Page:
Punjabi Girl, won’t you dance with me? :
A brief introduction.
“Was hoping this very hand-made, awkward, gold droppings on the textual
pattern might work with yr thoughts, or what I thought your thoughts
might be given our previous…”
Previous, I had a question about desire and writing. I wanted to work it out here, in the essay preceding selection.
Selecting for the basic pleasure of opening a document too big to see, gold spots and red ink filling the screen, I created two cell communities, one of which was heavily dependent on a shared membrane, and one which wasn’t. The first community was composed of writers who had at one time lived or were still living in London/its environs. These writers were Deborah Richards, Caroline Bergvall, Chris Abani, and Elena Georgiou. The second community was a bunch of coffee-drinking, beer-swilling yanks. I only wrote that in case someone who knew me in England reads this by chance, browsing for the latest trends in contemporary poetry and narrative function. Hello guys! It’s me, Bhanu! Can you believe it?
Okay, back to the intro. I was born in England, where I ate meat sandwiches at regular intervals. As a young woman, and before that, a child, I never imagined what the force of leaving a place would do. The permission a person could give itself, to desire certain things, to write multiple things, as quietly altered in the deep of your body, as with a dormant construction of any kind. Reading is like sleeping. Cell community 1: all of these writers are immigrants/re-immigrants with British roots of one sort or another - - Nigerian, Caribbean, Norwegian, French, Cypriot – and are the only writers I’ve met in this country who are: a bit like this, though they vary widely in their sense of the UK as an operative home. Chris Abani, for example, “trans-national mongrel” extraordinaire, is a well-established Los Angeles novelist/poet who gets up to dance in cafes. Deborah Richards lived in Philadelphia, then went home. When she left, I felt the weird suction gap of something missing from a culture that was still forming. Elena Georgiou: I’m so interested even just thinking about her, about the emigrant whose parents, in turn, emigrated, in reverse, bringing up the questions of home and directionality; the slipperiness of the earth’s crust. Caroline Bergvall, for example, moves fluidly between different spheres, and is slightly beyond my imagination. All I can say is that listening to and reading the work of these four writers, I felt a recognition. It was a weird feeling of desire to hear more, to keep listening, that made no sense when I took it apart, as there was nothing in their diverse application of genre or form to suggest a connective membrane.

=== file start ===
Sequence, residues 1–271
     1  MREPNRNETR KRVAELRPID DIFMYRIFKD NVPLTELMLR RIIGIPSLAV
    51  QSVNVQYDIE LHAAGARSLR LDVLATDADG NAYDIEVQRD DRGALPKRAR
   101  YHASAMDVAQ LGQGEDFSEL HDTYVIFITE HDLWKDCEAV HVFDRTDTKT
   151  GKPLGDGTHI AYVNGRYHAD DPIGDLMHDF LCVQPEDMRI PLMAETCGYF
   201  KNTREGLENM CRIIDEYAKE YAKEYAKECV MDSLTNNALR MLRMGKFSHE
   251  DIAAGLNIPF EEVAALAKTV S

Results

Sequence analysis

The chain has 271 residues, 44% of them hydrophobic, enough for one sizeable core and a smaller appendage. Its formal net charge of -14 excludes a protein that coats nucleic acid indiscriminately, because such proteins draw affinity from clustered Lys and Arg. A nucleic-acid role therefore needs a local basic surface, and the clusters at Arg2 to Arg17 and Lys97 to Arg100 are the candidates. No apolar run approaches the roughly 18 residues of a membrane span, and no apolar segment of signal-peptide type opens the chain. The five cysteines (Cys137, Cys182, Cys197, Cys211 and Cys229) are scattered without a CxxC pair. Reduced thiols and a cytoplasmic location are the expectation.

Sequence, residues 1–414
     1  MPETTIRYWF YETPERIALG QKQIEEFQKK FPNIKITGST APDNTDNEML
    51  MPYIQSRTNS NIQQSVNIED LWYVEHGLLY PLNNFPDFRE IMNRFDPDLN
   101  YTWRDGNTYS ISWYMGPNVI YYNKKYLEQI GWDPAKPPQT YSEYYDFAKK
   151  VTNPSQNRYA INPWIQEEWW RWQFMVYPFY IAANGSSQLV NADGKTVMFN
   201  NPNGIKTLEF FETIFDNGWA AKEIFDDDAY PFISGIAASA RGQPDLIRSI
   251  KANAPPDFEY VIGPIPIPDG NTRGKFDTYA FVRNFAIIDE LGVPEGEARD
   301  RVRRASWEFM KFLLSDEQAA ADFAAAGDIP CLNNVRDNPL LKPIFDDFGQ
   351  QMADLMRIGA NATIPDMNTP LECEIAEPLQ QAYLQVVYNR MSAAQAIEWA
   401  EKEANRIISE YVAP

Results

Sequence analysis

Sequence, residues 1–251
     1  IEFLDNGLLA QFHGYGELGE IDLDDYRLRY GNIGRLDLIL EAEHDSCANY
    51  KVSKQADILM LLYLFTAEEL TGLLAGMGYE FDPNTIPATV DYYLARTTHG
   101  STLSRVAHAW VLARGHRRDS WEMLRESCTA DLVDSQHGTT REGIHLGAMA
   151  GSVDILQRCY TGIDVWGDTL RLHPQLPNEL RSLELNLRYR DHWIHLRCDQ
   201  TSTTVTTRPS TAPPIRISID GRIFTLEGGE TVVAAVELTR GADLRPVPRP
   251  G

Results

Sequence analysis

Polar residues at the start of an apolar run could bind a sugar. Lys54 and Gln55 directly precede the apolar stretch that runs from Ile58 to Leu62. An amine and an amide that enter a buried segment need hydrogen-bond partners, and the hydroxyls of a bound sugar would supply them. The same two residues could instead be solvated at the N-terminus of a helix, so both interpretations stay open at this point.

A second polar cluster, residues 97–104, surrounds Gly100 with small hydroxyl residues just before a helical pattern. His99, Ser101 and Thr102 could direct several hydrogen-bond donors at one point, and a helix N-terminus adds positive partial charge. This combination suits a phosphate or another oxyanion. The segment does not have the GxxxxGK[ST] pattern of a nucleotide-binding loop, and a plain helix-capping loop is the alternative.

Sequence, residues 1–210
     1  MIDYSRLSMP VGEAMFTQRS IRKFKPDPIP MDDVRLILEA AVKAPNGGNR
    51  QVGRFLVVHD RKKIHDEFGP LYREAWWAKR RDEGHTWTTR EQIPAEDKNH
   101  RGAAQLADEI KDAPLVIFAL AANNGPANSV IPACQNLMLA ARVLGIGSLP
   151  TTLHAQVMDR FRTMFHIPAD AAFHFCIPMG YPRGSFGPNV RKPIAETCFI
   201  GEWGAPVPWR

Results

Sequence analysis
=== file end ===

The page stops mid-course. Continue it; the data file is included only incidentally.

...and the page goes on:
The second cell community marked the six months or so since Christian Peet asked me to guest-edit an issue of Tarpaulin Sky. Here, I wanted to track the writers who, when we met or separated, engendered in me the feeling of writing. This was a mysterious community to me in many ways, in its variance between weak/casual and intense/valuable contacts. My only requirement was that, in their company, or after a delay, I could write again. I wanted to work out if it was the work that did this, or the writer, the writer’s body.